The new James Bond movie "Skyfall" is as good as many of the early reviews say it is because it manages to be both classic and modern at the same time. It pays tribute to the series' 50-year history, while moving the franchise forward in exciting ways.
Perhaps the best example of this contradiction is Raoul Silva, the movie's villain, played by Javier Bardem, one of the series' most intriguing antagonists to date. To call Silva "eccentric" or "quirky" doesn't come close to describing the levels of creepiness Bardem reaches with his Bond villain.
MTV News spoke with Bardem to find out how he developed Silva from the page to what we see onscreen and how Silva harkens back to past villains.
While Silva was written with specificity in the screenplay, Bardem said director Sam Mendes gave him a single word that helped him develop the character. "[Silva] was open to different interpretations. It was Sam's idea for the word 'uncomfortableness' that made the imagination be triggered in me," Bardem said. "From that word and from that key point came the look and the behavior and the tone and all that."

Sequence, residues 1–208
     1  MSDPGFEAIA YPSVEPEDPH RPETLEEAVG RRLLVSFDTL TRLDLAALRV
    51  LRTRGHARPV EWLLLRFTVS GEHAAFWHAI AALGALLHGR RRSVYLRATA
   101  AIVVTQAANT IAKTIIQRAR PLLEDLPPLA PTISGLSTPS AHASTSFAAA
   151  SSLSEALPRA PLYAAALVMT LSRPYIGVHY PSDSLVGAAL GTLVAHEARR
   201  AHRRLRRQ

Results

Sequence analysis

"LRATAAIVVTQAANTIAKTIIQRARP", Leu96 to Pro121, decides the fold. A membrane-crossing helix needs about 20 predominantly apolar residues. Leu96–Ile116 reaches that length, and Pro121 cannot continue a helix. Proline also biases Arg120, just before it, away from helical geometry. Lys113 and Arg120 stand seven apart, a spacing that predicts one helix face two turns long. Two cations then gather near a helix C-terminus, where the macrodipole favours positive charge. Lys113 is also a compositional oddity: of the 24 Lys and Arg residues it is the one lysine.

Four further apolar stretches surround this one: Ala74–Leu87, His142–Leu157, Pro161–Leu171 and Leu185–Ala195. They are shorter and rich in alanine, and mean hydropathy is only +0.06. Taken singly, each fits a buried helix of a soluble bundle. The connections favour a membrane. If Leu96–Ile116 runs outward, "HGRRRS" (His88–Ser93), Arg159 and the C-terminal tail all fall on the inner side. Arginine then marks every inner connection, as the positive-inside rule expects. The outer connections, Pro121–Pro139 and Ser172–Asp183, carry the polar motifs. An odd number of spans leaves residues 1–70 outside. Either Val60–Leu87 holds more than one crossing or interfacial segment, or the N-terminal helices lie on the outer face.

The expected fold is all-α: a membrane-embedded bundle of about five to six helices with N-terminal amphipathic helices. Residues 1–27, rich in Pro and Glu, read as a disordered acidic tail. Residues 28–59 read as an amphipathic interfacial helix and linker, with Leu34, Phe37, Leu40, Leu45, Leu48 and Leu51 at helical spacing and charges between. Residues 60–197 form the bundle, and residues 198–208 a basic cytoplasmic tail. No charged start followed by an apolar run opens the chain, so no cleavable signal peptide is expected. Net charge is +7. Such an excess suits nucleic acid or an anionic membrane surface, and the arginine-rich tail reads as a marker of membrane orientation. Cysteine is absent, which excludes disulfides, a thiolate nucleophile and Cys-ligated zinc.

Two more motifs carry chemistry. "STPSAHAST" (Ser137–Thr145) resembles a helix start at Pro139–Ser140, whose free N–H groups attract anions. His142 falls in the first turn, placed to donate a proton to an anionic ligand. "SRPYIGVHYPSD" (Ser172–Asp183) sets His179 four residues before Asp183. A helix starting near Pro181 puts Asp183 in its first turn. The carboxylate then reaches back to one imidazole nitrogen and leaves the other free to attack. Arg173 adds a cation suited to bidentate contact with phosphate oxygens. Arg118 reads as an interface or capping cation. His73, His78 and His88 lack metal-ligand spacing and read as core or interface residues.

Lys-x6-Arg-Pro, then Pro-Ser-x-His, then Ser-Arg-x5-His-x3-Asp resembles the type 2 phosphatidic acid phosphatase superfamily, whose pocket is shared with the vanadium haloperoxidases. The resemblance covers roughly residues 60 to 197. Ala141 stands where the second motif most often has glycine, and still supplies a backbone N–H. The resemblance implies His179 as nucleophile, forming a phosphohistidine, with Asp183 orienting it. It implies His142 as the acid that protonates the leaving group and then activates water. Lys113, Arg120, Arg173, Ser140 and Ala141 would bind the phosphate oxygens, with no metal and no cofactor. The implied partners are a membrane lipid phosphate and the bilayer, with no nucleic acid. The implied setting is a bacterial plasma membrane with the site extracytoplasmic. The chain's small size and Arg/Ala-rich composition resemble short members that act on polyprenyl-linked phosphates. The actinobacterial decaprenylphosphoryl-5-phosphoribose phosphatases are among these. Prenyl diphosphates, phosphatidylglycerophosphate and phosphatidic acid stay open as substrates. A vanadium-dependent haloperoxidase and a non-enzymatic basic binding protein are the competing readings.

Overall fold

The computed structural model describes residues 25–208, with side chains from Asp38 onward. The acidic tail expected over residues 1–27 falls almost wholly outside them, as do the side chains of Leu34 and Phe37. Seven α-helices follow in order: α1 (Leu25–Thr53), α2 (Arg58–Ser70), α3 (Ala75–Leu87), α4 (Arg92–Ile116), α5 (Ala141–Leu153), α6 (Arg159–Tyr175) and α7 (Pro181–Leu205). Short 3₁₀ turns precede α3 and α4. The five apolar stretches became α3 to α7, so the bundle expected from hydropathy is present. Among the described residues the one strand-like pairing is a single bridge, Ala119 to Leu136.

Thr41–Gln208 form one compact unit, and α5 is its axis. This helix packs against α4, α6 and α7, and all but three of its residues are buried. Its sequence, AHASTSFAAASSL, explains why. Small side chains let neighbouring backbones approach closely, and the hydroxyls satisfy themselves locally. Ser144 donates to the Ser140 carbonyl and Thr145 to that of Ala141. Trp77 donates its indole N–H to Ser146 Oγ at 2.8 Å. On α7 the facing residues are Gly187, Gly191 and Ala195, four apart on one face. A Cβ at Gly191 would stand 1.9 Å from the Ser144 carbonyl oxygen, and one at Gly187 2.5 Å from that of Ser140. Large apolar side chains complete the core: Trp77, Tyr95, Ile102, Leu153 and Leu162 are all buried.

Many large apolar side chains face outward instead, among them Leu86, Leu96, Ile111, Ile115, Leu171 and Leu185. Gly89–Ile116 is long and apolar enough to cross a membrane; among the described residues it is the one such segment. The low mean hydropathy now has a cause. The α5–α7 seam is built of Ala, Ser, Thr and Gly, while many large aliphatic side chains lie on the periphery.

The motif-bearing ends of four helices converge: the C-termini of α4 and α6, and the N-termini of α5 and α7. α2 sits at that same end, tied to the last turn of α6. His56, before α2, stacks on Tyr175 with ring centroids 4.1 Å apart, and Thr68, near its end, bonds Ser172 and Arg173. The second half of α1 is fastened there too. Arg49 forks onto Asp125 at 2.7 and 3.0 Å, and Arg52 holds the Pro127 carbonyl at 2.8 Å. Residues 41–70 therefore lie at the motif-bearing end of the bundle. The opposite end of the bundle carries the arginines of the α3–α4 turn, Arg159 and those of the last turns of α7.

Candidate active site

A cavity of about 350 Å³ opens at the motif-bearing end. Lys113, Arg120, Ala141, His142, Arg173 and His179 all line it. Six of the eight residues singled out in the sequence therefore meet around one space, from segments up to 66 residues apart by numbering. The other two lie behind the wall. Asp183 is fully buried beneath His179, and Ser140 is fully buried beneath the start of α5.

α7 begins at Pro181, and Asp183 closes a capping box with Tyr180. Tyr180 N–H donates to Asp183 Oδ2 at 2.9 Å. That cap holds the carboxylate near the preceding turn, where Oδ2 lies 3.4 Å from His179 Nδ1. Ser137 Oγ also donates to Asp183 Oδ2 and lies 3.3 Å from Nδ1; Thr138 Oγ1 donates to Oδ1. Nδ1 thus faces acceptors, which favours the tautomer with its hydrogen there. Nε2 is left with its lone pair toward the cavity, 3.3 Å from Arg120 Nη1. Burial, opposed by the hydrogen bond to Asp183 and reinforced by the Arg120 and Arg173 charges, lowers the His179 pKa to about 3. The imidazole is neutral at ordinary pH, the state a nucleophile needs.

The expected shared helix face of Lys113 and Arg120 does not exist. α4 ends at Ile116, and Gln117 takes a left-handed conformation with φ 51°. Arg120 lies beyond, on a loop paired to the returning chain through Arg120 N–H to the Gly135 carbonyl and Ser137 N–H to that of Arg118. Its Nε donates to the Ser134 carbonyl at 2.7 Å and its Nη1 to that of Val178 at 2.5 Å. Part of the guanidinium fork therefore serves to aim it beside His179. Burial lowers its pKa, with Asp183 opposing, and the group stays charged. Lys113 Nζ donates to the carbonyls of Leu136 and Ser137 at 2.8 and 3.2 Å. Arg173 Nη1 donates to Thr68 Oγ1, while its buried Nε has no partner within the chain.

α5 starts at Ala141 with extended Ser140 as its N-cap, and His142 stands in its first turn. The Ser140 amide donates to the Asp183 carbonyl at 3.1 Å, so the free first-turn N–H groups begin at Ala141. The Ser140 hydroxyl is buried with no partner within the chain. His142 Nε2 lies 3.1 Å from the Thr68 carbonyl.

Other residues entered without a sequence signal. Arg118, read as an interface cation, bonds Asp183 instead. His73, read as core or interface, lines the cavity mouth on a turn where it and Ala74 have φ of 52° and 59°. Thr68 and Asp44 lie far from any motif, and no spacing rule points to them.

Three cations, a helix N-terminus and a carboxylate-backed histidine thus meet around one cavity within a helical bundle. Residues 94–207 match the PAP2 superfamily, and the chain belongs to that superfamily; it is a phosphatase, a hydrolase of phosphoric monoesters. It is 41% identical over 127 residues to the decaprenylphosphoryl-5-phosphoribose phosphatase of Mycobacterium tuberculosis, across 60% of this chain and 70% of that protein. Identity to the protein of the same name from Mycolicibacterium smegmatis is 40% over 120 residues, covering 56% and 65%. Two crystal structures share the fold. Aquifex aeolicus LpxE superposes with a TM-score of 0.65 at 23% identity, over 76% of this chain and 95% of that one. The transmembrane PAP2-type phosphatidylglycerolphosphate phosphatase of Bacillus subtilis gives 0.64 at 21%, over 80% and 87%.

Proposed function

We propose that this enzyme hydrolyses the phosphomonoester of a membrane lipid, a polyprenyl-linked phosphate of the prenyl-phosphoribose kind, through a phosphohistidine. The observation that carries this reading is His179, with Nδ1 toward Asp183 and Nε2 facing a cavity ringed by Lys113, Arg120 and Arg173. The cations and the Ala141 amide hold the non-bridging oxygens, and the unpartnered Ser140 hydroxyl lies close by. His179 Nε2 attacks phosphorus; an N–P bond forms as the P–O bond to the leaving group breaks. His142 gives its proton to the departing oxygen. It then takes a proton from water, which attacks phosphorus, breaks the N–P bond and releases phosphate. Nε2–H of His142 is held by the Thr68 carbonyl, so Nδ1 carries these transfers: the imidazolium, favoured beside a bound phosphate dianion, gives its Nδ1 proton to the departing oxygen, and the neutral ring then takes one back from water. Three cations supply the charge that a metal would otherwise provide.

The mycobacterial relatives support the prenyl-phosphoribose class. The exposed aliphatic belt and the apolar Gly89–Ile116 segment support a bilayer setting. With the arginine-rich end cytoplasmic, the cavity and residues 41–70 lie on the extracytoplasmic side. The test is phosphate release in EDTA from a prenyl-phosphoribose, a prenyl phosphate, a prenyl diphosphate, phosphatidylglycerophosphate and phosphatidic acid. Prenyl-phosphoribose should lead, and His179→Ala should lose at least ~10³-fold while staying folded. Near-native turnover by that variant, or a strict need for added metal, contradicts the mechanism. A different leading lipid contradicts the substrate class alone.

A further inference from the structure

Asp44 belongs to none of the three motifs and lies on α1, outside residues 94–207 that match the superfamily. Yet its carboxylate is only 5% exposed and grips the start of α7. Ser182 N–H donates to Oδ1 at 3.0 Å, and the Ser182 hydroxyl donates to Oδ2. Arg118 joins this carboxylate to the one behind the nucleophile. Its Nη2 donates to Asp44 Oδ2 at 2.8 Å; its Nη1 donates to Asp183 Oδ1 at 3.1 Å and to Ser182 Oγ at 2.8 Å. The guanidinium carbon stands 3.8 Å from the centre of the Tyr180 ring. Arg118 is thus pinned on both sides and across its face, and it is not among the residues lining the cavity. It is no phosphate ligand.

For Bardem, the period of developing the character's finer points is essential. "That's the fun part of it, knowing that nothing is written in stone, so you can really play with it and try different things on set," he said. "For that, you need a director that allows you to do that, and Sam is an amazing director."
When Empire visited the set of "Skyfall" during filming, Bardem mentioned that Silva was an homage to previous Bond villains. He told us that the idea to do that stemmed from the series' 50th anniversary.
"We knew that this is the movie that celebrates 50 years, so we knew in some way, there must be something classic about the Bond villain to do this little and humble homage," Bardem said. "From that, we can also start to add some flavor to Silva that will remind us what Bond villains used to be in the early times."
Check out everything we've got on "Skyfall."